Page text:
The Plain Packaging Act allows lining within the pack, but only foiled back paper, while also outlawing both inserts and onserts (a sticker that can go over existing packaging).

Departmental deputy secretary Wendy Southern told the hearing the Imperial insert, brought to the department’s attention by a media enquiry last year, was found to be an example “where clearly we believed it as circumventing the plain packaging legislation”, but there was some question over whether it constituted a breach.

“The department engaged with the manufacturer through correspondence and basically the company undertook to remove the product from the market,” she said, under questioning from Labor senator Murray Watt.

“So we have one of the biggest tobacco manufacturers in the world, quite deliberately circumventing these laws and nothing happens apart from an undertaking and that’s after several steps in the chain,” the Queensland senator asked.

“The undertaking is to remove it from the market, which is ultimately what we were seeking,” Dr Southern replied, adding that the way the legislation was crafted, there was a process of “escalation”.

The legislation sets out a maximum penalty of $36,000 for manufacturers who don’t comply.

A departmental spokesman told Fairfax Media the “vast majority” of tobacco manufacturers and retailers were obeying the legislation, but on the Imperial Tobacco matter there “were differing views on the compliance of the product with the legislation”.

“As a result of correspondence between the department and the company which did include warnings about the consequences of continued non-compliance, the company made a decision to withdraw the product from the market,” he said.

“The decision by the company to withdraw the product from the market, in this instance, avoided the potential for costly and protracted litigation with an uncertain outcome and achieved the compliance outcome sought by the department.”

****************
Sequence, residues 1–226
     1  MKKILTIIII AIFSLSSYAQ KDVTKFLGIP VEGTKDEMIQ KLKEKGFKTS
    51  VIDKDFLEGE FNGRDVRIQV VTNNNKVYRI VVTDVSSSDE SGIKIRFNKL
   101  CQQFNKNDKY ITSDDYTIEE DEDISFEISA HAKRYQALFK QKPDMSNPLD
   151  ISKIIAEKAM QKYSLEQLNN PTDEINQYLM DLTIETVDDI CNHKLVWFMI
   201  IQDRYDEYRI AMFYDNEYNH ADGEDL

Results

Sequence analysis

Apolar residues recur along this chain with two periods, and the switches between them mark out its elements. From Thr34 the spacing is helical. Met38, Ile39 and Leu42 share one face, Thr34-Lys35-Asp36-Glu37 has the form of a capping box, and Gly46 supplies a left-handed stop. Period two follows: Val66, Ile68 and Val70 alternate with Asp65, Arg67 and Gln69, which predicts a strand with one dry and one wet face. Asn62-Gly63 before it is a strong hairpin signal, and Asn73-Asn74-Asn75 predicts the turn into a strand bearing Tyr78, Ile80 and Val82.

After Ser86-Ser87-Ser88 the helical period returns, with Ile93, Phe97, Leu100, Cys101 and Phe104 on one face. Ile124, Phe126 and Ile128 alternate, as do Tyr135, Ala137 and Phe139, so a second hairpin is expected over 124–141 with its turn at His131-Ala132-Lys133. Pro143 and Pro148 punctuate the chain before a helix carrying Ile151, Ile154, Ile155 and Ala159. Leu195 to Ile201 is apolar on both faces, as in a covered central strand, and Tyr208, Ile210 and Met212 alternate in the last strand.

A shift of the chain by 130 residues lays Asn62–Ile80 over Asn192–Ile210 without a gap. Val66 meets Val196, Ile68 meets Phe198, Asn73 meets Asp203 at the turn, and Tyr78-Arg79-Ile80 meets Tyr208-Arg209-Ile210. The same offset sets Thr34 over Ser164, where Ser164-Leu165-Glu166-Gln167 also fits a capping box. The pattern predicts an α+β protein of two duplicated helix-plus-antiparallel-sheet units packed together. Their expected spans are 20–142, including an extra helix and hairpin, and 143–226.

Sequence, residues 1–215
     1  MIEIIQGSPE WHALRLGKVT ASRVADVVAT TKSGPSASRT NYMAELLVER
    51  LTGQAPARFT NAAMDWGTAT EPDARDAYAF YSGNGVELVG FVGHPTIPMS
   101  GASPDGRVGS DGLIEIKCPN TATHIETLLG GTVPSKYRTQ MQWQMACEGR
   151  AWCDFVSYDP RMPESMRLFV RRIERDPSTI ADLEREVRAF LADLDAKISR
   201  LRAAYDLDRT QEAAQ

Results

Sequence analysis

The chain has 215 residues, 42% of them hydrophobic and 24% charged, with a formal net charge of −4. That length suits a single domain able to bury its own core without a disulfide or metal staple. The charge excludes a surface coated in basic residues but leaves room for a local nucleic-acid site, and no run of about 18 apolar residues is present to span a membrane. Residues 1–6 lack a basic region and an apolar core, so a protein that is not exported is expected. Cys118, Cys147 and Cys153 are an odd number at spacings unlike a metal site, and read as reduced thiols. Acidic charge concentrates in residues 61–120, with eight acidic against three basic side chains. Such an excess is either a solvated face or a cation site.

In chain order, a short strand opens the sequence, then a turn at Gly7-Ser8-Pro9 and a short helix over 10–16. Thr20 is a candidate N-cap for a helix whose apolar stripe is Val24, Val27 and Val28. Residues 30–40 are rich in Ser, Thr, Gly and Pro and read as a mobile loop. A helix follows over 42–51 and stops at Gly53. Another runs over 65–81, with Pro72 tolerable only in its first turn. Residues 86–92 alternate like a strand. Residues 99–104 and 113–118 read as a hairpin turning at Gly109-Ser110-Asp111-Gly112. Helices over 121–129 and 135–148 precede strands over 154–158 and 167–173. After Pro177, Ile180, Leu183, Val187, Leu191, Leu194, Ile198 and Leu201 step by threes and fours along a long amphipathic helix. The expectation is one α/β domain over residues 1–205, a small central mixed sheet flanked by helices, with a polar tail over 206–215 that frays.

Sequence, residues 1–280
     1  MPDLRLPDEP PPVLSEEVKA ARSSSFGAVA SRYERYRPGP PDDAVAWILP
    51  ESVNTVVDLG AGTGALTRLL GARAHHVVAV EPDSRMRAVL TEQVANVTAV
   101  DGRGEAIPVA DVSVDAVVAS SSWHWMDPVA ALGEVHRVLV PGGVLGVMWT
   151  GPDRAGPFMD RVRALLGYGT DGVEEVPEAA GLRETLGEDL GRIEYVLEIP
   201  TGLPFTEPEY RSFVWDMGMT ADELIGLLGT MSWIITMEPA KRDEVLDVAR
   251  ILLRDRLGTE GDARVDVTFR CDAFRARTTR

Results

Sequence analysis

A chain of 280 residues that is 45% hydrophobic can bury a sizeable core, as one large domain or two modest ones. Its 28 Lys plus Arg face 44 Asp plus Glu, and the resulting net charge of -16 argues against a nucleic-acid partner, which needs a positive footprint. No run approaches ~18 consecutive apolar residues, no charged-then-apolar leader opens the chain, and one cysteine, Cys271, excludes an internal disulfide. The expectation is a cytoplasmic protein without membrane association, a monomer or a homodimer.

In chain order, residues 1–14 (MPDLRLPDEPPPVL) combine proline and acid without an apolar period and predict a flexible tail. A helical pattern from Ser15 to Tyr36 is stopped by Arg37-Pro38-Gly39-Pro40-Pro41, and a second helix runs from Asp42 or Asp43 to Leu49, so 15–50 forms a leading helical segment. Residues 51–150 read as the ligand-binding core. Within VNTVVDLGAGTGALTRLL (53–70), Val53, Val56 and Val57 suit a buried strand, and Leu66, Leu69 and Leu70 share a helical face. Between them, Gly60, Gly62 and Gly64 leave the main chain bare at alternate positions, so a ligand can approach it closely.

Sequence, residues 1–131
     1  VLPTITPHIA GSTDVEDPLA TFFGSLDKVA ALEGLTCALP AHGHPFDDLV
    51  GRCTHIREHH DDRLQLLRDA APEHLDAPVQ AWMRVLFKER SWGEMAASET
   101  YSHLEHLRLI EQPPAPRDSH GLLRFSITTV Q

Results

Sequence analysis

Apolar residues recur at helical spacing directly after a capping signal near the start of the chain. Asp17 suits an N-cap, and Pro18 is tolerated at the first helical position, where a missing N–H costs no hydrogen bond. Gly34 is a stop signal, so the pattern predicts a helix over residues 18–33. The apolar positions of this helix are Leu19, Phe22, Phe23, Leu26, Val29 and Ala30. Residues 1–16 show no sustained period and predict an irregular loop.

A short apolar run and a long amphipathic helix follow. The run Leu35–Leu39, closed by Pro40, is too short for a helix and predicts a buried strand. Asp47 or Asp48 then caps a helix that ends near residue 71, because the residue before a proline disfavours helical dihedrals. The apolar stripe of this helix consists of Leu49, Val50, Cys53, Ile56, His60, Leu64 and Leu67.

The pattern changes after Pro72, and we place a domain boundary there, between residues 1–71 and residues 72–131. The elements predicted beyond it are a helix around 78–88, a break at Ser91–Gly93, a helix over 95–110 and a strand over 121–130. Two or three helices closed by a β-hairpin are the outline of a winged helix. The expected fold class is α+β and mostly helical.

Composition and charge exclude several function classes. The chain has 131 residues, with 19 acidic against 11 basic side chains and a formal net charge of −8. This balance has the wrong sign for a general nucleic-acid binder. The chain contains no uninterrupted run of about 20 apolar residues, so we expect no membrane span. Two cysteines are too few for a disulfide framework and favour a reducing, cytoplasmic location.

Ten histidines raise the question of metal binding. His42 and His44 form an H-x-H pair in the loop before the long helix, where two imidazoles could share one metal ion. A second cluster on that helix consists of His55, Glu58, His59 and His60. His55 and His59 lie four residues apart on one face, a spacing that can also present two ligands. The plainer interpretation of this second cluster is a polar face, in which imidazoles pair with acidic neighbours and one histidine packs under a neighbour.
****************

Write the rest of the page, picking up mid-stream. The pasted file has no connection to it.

He said the department received reports from Imperial on the withdrawal of the packs from sale.

Shadow health minister Catherine King said there was room to revisit the landmark legislation, which was created under the Rudd/Gillard governments, saying it was “critical” the laws were enforced.

“If the government believes the laws need strengthening to do this, then Labor will work with them as a priority. Or else they should explain why companies are being let off the hook,” she said.

The laws have seen early indications of success in other areas, with an Australian National University study finding calls to the quit hotlines increased by 78 per cent during the phase-in period, and sat above average for the next 10 months.

The department estimates 15,000 Australians die every year from smoking-related diseases and costs Australia more than $31 billion in social and economic costs.

Doctors Lobby Group Would Welcome Arthur Sinodinos as Health Minister

Download (PDF, 751KB)

The effect of pack warning labels on quitting

The effect of pack warning labels on quitting and related thoughts and behaviours in a national cohort of Aboriginal and Torres Strait Islander smokers

Anna Nicholson, GDipPH, BPhty(Hons) PhD Ron Borland, PhD Pele Bennet, BHSc Maureen Davey, MB BS FAFPHM Jasmine Sarin, BHSci(Indig Hlth) Anke Van der Sterren, MPH MA BA Matthew Stevens, PhD David Thomas, MB BS PhD FAFPHM

https://academic.oup.com/ntr/article-abstract/doi/10.1093/ntr/ntw396/2871245/The-effect-of-pack-warning-labels-on-quitting-and

Abstract

Introduction: